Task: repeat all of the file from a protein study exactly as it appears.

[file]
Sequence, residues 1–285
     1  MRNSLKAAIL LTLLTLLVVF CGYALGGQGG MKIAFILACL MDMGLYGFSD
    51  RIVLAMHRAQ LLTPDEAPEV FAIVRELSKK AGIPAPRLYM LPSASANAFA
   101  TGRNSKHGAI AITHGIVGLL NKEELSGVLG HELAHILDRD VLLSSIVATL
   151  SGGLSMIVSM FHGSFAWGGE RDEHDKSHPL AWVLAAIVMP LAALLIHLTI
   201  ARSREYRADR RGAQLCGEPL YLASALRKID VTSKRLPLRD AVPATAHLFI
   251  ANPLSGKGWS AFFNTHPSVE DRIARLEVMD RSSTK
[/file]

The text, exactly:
Sequence, residues 1–285
     1  MRNSLKAAIL LTLLTLLVVF CGYALGGQGG MKIAFILACL MDMGLYGFSD
    51  RIVLAMHRAQ LLTPDEAPEV FAIVRELSKK AGIPAPRLYM LPSASANAFA
   101  TGRNSKHGAI AITHGIVGLL NKEELSGVLG HELAHILDRD VLLSSIVATL
   151  SGGLSMIVSM FHGSFAWGGE RDEHDKSHPL AWVLAAIVMP LAALLIHLTI
   201  ARSREYRADR RGAQLCGEPL YLASALRKID VTSKRLPLRD AVPATAHLFI
   251  ANPLSGKGWS AFFNTHPSVE DRIARLEVMD RSSTK